Corporate welfare programs instituted by the Obama administration are costing American taxpayers billions of dollars and they are getting nothing in return, except the bill. According to the CATO Institute corporate welfare has cost taxpayers $100 billion this past year alone.
It gets worse though. While a huge percentage of the Obama $800 billion in stimulus went to failed “green energy” companies like Solyndra, now it seems to be spreading throughout various federal agencies.
According to Cato, the most spending on “corporate welfare” programs in the federal budget — more than $25 billion — went to the U.S. Department of Agriculture.
A majority of the department’s farm subsidies go to the largest farms, the report noted.
The Department of Energy is responsible for nearly $18 billion in corporate welfare in FY 2012.
Other programs to make the list: the Department of Housing and Urban Development (HUD)’s Community Development Block Grant program ($285 million); the Commerce Department’s Broadband Technology Opportunities Program ($2.2 billion); attempts by Transportation Department policymakers to develop a high-speed rail network ($1.2 billion) and the Interior Department’s Bureau of Land Management ($1.4 billion) land-use programs.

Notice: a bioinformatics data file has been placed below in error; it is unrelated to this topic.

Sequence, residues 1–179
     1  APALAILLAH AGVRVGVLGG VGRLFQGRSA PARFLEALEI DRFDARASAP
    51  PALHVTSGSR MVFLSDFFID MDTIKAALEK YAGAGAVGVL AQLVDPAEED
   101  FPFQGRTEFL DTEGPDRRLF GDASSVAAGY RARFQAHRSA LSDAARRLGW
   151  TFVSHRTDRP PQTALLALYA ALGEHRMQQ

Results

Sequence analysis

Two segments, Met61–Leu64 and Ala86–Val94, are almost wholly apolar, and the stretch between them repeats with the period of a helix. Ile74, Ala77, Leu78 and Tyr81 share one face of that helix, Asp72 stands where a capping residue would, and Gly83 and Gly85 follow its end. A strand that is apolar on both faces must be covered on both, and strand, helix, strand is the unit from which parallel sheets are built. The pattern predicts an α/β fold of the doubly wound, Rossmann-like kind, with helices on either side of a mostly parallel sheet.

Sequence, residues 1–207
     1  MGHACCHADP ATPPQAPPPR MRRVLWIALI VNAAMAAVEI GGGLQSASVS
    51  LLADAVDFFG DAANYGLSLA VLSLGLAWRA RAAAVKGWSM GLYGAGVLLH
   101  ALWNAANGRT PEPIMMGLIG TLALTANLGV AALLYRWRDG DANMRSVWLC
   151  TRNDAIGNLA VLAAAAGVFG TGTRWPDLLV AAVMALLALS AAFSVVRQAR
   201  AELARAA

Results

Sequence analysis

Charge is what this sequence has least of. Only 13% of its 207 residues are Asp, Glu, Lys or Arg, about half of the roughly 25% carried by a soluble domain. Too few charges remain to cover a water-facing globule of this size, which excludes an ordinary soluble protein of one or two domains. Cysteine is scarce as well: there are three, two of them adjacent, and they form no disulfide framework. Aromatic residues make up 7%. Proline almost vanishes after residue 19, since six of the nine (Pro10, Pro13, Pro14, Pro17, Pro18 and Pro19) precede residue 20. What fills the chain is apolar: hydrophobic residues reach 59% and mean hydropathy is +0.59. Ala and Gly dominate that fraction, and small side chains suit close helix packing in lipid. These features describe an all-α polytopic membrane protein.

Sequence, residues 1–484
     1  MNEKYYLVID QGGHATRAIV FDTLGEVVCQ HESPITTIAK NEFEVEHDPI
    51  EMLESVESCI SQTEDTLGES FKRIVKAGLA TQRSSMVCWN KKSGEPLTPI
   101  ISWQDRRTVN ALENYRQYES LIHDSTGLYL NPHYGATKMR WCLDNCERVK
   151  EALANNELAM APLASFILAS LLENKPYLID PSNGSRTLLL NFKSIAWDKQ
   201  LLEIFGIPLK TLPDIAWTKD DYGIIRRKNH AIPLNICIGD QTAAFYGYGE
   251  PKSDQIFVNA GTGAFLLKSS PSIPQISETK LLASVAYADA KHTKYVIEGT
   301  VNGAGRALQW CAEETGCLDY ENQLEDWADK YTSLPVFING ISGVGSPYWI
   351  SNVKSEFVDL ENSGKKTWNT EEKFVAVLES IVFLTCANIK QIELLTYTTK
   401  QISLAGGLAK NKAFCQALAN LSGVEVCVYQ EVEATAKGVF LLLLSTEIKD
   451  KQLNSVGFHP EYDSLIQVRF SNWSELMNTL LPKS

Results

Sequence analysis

Daily I find articles for Dr. Gary North at TeaPartyEconomist.com and I’m always running across wasteful government spending. Nowhere is it more evident than in the corporate welfare area. Billions are spent every year to prop up failing companies and businesses that can’t survive.
Sadly both presumptive nominees in this year’s elections are not without taint in this issue. Obama has given nearly a trillion dollars away in corporate welfare and intends to provide more, while the company Romney worked for received millions in government subsidies for companies they bought, which then were turned into profits for the company.
Understand, I’m all for capitalism, but true capitalism. I’m not for businesses profiting at the expense of the taxpayer. If they are investing their own money that is fine and dandy. But when they want to dip in the public treasury, that’s when they have crossed the line. It’s why I oppose stadiums and arenas built at taxpayer expense only to turn around and charge enormous prices for parking, tickets, food and other stuff to those same taxpayers.